What Is A Picture Worth?

For unto whomsoever much is given,
of him shall be much required.
-Luke 12:48

I’ve had enough! You’re all cowards and you don’t even know it. You’ve given away your legacy without much of a fight, and I am embarrassed and ashamed to be considered part of the fraternity of photographers.

Oh, I know times are tough (they’ve always been tough for photographers) and you have lost your power to larger powers (that’s only because you’ve let them) and if you didn’t give in, they simply would have given the job to someone else. Well, too bad. If we had all stuck together in the first place there wouldn’t be someone else, and besides you’ve lost a lot more than that loving feeling, you have lost the greatest gift you have as a still photographer.

Directors do not have it. Graphic Designers do not have it. Art Directors do not have it. Only you have it, and because you are scared and desperate, you are giving it all away. Well don’t! Stand tall and upright! Be proud and do not forsake what others have given to you.

What am I ranting about? Well, I am going to tell you.

In the early 1950’s, LIFE Magazine decided that the pictures that were shot for them by many wonderful photographers were their property and therefore, they had the right to re-license them. The photographer’s thought otherwise, and insisted that the photographs were their property to resell at their discretion.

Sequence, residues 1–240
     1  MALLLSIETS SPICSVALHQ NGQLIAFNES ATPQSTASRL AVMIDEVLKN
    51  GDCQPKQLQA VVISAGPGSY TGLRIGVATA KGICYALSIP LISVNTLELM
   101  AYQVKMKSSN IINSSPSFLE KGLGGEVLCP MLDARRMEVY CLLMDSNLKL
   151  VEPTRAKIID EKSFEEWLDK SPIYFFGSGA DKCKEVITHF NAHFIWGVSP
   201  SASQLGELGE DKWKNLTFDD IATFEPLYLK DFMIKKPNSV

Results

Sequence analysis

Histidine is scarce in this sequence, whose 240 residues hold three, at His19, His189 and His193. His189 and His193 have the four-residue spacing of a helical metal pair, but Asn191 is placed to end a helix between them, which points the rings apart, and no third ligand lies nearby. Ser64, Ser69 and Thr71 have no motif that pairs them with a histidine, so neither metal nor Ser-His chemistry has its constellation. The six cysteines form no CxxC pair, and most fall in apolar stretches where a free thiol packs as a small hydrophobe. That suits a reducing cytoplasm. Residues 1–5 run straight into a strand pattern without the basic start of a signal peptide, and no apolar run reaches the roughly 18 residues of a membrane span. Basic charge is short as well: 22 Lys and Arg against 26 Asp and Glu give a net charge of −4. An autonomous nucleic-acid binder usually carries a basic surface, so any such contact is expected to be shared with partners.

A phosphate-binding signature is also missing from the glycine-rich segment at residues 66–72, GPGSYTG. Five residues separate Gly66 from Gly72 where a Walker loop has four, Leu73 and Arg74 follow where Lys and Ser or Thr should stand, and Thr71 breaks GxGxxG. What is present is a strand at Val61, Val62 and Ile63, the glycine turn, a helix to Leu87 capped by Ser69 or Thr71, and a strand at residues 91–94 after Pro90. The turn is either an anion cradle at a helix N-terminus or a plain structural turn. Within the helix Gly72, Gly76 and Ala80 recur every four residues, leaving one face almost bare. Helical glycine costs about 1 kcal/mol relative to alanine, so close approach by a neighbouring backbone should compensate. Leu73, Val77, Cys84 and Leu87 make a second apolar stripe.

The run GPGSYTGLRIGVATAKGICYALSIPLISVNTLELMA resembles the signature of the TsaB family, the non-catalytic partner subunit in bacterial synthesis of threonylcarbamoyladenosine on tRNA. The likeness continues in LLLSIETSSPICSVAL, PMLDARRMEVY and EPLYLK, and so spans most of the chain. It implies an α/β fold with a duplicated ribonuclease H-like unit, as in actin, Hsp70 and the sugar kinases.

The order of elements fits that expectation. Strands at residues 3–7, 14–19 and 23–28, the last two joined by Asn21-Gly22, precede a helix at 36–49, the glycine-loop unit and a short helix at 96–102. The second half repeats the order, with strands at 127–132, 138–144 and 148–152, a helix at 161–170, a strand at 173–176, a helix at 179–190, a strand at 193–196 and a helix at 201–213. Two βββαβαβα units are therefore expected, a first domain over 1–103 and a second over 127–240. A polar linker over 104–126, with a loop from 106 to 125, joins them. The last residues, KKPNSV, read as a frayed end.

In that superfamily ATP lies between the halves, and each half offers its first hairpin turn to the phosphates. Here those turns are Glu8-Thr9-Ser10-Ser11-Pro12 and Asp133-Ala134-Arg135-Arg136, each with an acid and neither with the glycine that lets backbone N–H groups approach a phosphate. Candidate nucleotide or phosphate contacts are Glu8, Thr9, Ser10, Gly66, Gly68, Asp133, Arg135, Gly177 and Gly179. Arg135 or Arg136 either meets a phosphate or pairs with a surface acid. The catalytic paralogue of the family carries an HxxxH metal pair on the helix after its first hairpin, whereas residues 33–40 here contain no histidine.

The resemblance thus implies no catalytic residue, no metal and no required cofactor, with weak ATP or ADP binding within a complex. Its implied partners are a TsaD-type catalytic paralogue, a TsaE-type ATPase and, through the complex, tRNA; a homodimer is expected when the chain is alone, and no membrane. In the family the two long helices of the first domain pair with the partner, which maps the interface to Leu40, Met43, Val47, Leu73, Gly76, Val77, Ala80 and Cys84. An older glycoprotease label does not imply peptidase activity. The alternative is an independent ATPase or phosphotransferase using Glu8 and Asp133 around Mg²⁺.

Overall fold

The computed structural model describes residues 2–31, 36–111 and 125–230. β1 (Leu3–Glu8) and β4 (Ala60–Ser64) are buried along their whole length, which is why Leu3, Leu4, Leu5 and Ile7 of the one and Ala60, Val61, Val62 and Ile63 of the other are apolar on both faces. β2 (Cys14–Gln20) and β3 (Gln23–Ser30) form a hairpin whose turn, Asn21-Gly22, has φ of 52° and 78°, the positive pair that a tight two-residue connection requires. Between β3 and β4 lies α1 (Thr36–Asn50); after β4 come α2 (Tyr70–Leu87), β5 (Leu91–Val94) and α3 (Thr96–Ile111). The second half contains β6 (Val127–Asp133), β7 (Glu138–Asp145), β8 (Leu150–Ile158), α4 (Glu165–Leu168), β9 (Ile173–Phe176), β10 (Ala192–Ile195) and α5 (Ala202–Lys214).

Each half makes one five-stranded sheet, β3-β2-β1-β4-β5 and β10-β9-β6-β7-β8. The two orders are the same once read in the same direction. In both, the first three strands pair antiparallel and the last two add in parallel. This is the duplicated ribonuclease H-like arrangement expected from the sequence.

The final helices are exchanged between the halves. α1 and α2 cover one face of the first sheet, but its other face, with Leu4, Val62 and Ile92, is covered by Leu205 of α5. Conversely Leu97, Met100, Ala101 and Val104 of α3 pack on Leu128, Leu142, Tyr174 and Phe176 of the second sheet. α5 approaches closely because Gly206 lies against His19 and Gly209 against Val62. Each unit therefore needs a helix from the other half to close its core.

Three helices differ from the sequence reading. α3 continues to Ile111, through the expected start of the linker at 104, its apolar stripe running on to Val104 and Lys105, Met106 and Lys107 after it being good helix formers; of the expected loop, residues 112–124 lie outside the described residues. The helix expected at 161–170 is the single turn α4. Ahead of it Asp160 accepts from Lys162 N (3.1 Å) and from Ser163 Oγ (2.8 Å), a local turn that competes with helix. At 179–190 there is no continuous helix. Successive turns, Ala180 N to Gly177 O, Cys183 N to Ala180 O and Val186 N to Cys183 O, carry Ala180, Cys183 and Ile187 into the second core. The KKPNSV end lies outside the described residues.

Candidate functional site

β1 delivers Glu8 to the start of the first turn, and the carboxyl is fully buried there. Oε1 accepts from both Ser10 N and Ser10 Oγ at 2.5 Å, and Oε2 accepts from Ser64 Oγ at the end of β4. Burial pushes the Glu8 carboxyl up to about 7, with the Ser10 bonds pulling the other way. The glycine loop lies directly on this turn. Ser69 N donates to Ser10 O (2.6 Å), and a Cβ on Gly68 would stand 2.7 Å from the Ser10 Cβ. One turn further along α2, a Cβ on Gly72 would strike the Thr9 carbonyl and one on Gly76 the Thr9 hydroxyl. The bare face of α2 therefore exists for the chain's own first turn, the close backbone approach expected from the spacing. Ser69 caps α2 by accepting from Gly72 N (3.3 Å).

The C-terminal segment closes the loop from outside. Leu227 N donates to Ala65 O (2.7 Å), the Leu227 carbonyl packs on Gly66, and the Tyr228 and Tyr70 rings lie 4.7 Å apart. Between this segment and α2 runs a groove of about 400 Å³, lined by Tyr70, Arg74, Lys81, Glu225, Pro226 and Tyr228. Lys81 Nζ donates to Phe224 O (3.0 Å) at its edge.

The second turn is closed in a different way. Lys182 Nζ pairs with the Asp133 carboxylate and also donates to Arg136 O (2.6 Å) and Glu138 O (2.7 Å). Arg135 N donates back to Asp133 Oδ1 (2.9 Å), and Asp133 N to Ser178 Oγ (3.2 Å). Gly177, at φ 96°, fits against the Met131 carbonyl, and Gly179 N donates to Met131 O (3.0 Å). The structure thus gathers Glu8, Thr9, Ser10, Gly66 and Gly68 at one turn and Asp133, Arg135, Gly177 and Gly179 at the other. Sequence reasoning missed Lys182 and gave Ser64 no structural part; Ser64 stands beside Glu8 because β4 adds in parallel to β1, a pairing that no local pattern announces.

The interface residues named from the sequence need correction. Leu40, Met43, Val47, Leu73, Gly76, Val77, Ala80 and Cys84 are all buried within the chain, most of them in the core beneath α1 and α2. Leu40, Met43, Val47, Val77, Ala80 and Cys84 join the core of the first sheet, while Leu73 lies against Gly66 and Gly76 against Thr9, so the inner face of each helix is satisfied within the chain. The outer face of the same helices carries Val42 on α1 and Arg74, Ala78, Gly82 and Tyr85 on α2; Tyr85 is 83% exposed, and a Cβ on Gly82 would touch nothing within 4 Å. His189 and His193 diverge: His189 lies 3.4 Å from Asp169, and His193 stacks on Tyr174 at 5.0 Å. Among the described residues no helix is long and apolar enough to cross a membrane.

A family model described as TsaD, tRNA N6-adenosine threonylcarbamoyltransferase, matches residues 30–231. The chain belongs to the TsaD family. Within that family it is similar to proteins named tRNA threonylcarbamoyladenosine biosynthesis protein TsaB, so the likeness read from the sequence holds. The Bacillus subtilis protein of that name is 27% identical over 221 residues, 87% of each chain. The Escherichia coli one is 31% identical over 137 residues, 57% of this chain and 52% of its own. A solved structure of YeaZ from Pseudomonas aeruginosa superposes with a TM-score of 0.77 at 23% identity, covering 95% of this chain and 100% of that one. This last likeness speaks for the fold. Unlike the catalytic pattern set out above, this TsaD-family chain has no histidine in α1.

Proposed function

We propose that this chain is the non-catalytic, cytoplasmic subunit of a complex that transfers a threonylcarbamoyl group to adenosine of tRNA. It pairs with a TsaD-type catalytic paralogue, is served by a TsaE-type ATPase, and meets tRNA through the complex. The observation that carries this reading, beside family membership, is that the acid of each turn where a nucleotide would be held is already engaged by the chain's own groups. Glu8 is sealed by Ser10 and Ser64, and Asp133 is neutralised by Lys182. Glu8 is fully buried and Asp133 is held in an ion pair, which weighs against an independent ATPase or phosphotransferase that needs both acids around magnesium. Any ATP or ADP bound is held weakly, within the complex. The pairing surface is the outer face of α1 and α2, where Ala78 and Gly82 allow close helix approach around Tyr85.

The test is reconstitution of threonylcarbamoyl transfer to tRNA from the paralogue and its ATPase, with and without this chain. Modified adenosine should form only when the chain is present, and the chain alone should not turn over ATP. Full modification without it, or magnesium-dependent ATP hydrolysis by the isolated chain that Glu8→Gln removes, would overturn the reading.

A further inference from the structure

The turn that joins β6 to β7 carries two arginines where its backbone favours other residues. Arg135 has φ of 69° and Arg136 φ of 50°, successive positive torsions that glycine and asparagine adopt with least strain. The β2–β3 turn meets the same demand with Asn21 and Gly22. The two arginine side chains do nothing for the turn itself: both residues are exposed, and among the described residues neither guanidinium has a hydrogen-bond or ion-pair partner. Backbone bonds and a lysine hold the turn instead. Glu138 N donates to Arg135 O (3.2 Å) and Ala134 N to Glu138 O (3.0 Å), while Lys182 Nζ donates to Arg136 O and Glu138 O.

This went to court and after a long heated battle with TIME-LIFE the photographers won the battle. The courts decided that the copyright remained with the photographer and the magazine had just licensed reproduction rights. The original property, after the contract was concluded, returned to the photographer along with the negatives.

So dear photographers, others before you fought hard and long to give you a gift. And although everyone from corporations, to magazines, to art buyers try desperately to take it away from you, I implore you not to give it away.

Most of you are young and feel the need to work, and feel powerless against larger forces. You do not realize that when you get older, having the rights to your own work will be the best gift you have as a still photographer. It will help you when you need it most.

I have never given it away, despite enormous pressure or at times significant time to educate a client. I have walked away from magazines and clients, unless we could reach a compromise that was acceptable to me.

The pressure is on. The economy is awful and people will grab what they can get away with. I implore you to stay strong and fight hard for what many other photographers, over the last 50 years, have fought hard to give you; the right to own and control your own work.

We are at the precipice. Either you retain your rights, or the next generation will have none to protect.